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This Spiral Museum Just Opened in a Swiss Alpine Village

By Sarah Buder

Jun 30, 2020

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The Musée Atelier Audemars Piguet in Le Brassus, Switzerland, houses around 300 watches spanning almost two centuries of watchmaking history in the Vallée de Joux.

Courtesy of Audemars Piguet

The Musée Atelier Audemars Piguet in Le Brassus, Switzerland, houses around 300 watches spanning almost two centuries of watchmaking history in the Vallée de Joux.

The new Musée Atelier Audemars Piguet in Switzerland’s Vallée de Joux chronicles 145 years of luxury watchmaking traditions in the Jura Mountain region.

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More than a half decade after Swiss luxury watch company Audemars Piguet revealed plans for a museum honoring its illustrious history, the Musée Atelier Audemars Piguet officially opened in Switzerland’s Vallée de Joux—the brand’s very own birthplace, located about one hour by car from Geneva.

The clock had been ticking: Originally slated to debut in spring 2020 (but delayed due to the coronavirus outbreak), the Musée Atelier Audemars Piguet opened on June 25 in Le Brassus, a village in the Swiss Jura Mountains where the heritage of watchmaking goes back centuries.

The striking museum links the original atelier where watchmakers Jules Louis Audemars and Edward Auguste Piguet first set up shop in 1875 with a new spiral-shaped pavilion designed by Danish architecture firm Bjarke Ingels Group (BIG). The restored atelier, which still serves as Audemars Piguet’s headquarters, contains workshops where museumgoers can observe the company’s traditional watchmakers at work during their visit. The contemporary structure houses the main museum, showcasing nearly 300 timepieces from Audemars Piguet’s collection that span almost two centuries of watchmaking in the region.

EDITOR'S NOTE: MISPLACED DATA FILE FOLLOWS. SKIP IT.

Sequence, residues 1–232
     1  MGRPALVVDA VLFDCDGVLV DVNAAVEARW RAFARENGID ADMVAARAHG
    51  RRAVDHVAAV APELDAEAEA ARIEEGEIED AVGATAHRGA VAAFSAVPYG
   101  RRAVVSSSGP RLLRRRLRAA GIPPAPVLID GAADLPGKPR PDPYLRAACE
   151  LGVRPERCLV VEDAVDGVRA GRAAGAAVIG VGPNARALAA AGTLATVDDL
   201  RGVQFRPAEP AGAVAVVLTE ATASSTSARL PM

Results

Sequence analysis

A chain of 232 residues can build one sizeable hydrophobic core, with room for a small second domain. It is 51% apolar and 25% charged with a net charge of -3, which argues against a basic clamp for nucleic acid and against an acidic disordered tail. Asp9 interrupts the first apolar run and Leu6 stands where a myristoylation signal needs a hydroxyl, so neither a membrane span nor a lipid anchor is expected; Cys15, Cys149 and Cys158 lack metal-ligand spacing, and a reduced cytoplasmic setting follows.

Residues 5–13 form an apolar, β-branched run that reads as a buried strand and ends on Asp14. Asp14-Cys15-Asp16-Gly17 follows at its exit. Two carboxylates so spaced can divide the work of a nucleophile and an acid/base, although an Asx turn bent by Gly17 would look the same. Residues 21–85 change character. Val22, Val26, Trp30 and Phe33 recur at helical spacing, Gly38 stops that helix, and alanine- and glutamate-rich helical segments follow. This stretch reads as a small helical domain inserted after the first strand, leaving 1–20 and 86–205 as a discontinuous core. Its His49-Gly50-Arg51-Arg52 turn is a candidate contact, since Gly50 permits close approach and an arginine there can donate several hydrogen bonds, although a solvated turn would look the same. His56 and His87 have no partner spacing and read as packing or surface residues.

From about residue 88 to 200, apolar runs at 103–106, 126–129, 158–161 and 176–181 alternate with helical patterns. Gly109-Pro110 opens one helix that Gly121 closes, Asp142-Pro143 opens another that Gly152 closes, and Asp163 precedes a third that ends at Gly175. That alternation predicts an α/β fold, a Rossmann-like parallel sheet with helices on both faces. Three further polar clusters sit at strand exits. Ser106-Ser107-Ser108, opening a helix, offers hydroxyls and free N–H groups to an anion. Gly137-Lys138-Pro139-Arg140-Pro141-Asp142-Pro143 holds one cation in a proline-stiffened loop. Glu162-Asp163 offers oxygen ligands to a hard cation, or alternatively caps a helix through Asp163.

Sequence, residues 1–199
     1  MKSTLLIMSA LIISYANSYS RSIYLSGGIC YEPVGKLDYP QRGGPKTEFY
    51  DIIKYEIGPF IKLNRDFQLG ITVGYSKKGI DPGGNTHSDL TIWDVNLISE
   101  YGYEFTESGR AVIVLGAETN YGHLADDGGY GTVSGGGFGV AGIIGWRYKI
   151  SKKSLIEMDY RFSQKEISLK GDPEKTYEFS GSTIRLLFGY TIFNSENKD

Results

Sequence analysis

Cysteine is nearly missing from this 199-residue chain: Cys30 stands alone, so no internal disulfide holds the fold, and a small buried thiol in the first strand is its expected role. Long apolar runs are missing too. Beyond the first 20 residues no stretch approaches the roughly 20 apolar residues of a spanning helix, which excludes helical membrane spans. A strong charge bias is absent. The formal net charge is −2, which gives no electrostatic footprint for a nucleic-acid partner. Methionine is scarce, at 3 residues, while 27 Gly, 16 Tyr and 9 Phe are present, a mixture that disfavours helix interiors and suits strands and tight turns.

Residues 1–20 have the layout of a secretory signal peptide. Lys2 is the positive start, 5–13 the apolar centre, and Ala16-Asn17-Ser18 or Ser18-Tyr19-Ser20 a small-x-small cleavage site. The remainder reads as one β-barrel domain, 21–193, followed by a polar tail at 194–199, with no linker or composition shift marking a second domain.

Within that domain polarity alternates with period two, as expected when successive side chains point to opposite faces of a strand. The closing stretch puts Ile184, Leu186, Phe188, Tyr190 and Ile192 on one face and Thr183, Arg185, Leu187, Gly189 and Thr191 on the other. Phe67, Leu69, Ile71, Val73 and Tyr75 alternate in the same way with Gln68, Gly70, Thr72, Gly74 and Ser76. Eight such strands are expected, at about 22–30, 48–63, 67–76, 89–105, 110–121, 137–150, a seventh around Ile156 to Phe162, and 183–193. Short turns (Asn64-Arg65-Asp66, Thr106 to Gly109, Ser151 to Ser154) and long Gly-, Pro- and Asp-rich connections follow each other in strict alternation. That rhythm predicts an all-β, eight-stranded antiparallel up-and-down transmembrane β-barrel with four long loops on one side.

The Musée Atelier Audemars Piguet in Le Brassus, Switzerland, chronicles the nearly 200-year history of traditional Swiss watchmaking.

With floor-to-ceiling glass windows that offer panoramic views of the Vallée de Joux, the BIG-designed museum appears to rise out of its surrounding landscape. Its curved exterior is encased by brass mesh to help regulate the building’s light and temperature. The steel roof, which is covered with grass from the verdant area, also helps to regulate the interior temperature while absorbing water from the outdoors.

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Inside the museum, a terrazzo floor with stones sourced from the area slants to adapt to the land’s natural gradient. The exhibition path descends clockwise toward the spiral building’s center before unwinding in the opposite direction, guiding visitors through the museum as if they were moving through the spring of a timepiece. 

The Musée Atelier Audemars Piguet includes exhibition areas such as “Mechanical Heart,” which teaches museumgoers about the components of mechanical watches, as well as “First Watchmakers,” which features rare centerpieces such as a pocket watch by Joseph Piguet, dated around 1769. In the center of the museum’s spiral, the solar system–inspired “Grandes Complications” display showcases a number of Audemars Piguet’s sophisticated watches orbiting around the Universelle (1899), one of the Swiss brand’s most complicated watches ever produced. The vintage timepiece contains 1,168 parts and features 21 functions and 13 hands.

The spiraling glass pavilion designed by Bjarke Ingels Group (BIG) is linked to the original workshop where Jules Louis Audemars and Edward Auguste Piguet started the brand in 1875.

While Europe is barring travelers from the United States until further notice due to the coronavirus outbreak, the new Musée Atelier Audemars Piguet gives future visitors to Switzerland something to look forward to. What’s more: Audemars Piguet is also working with BIG to build a new hotel neighboring the museum. The 50-room property, which will be built with a roof that doubles as a ski ramp, plans to open by the end of summer next year.

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The Musée Atelier Audemars Piguet currently only offers guided visits by appointment for groups of up to 12 people. The 90-minute tours are available on weekdays through September 28, 2020 (offered in English, French, or German). Tickets must be booked online in advance.

>>Next: It’s Official—Americans Won’t Be Allowed Into Europe When It Reopens

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